As I said before, Ryan does not like change. He likes routine, sameness and feeling like he has some type of control over the world around him. Clearly, no one shared this tidbit of information with his pituitary gland or his hormones. For a child on the spectrum who has an overloaded sensory system, trying to anticipate any changes that may feel like an assault on their system is vital. Puberty unleashes a deluge of changes to the body and there is no control over it. Hair starts popping up in places where only a few months ago there was nothing but soft, smooth skin. Emotions, that are so often easily triggered for a child on the autism spectrum regardless of hormonal surges, roll over their unsuspecting, can't plan for it body like a steamroller. And for boys, well, what's going on "down there", is certainly something no social story can prepare them for (or their poor mother). Let's be AWEnest, boys regardless of age, stage of puberty, different ability, etc seem to always have their hands "down there". They always have a reason or excuse for it too which is kind of funny. Maybe that list of excuses is given out at THE talk as well.
Suffice it to say, that as Ryan's mother I am completely freaked out over these impending changes and the effect it will have on my sweet, unsuspecting son. We have begun explaining the easy stuff, like body hair, bigger muscles and voice change, but I have decided I will leave the more uncomfortable discussions for Dan or Kyle. Yeah, I have no problem throwing my 15 year old under the bus and letting him handle this job. After all, I'm a girl, I can't begin to explain what it feels like to go from a boy to a man. I have different parts and different hormones so I only think it's right that the members of my house who have similar parts have this discussion.
I know the hygiene part of this change will fall on me. I will have to be the one who explains to Ryan that shower nights now have to be every night of the week not just on the current Sunday, Tuesday, Thursday, Saturday schedule and listen to the complaints of how this change in schedule will effect his entire life. It will be good old mom's job to explain that even though putting on deodorant is "tickly" and that the new hair growth in his arm pits may make the application of deodorant feel tortuous his smell without it will be the demise of any social acceptance by his peers (which quite frankly Ryan could care less about it). And when I suffer tremors from the PTSD of potty training days, recalling the horrific fear Ryan had going from pooping in diapers to pooping in the potty, I will summon my patience when I explain that if he is careful, a razor will not cause him to bleed out in the bathroom sink and that although the shaving cream may feel horribly sticky, it makes the chance of blood less likely (AWEnestly, if he knows there is a chance of blood, he will probably be able to fill in for one of the ZZ Top band members, because that razor isn't goin' anywhere near his face).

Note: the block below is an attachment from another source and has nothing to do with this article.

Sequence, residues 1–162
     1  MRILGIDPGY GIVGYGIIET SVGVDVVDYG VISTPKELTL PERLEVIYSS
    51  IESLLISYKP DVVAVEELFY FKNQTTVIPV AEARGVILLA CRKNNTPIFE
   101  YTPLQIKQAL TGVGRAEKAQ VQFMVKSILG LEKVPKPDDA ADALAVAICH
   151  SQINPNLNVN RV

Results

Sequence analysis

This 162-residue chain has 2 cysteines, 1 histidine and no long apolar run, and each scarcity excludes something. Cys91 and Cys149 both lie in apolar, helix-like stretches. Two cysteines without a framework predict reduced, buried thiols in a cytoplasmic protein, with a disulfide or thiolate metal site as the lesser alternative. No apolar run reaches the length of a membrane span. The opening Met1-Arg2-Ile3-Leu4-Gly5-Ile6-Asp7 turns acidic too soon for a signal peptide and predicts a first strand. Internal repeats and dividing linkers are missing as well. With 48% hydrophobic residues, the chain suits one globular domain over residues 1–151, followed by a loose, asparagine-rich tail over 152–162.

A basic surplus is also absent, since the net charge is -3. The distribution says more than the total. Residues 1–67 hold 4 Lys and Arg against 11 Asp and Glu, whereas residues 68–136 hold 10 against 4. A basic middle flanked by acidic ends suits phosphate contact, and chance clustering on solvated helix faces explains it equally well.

And most importantly, it will be mom who calms Ryan down as the emotions and feelings he has never experienced before take over his poor pubescent body when his guard is down leaving his already taxed out sensory system vulnerable. This vulnerability will leave Ryan feeling utterly and totally without control in a world where change is not only difficult, it is down right scary. And when the snakes, sharks and bullies whose body changes evoke a surge of testosterone and meanness, hurt Ryan's feelings, pick on him or kick him out of the nest when he isn't looking, it will be me that soothes Ryan's fears, remind him how exceptional he is and provide him a bigger nest where regardless of his size or the changes that have taken over his unsuspecting body and child like soul, he will always, always feel safe.
Yes Bob Dylan had it right when he sang,
"Come gather 'round people
Wherever you roam
And admit that the waters
Around you have grown
And accept it that soon
You'll be drenched to the bone
If your time to you is worth savin'
Then you better start swimmin'
Or you'll sink like a stone
For the times they are a-changing."
Little did Bob Dylan know that my boy is a very strong swimmer and in the moments where Ryan feels like he may "sink like a stone", his mama with her bruised up face from taking hits from those proverbial balls she drops from time to time, can make for one unsinkable life preserver. So Mr. Pituitary Gland, when you release your torrent of hormones on my boy, he will be wearing his soft Hollister t-shirt for comfort, holding on to his life preserver mama for safety, gripping his razor in fear of itchy, scratchy, bleeding whiskers and praying that the new muscles in his back and chest give him the strength to withhold the unstoppable changes from boy to man.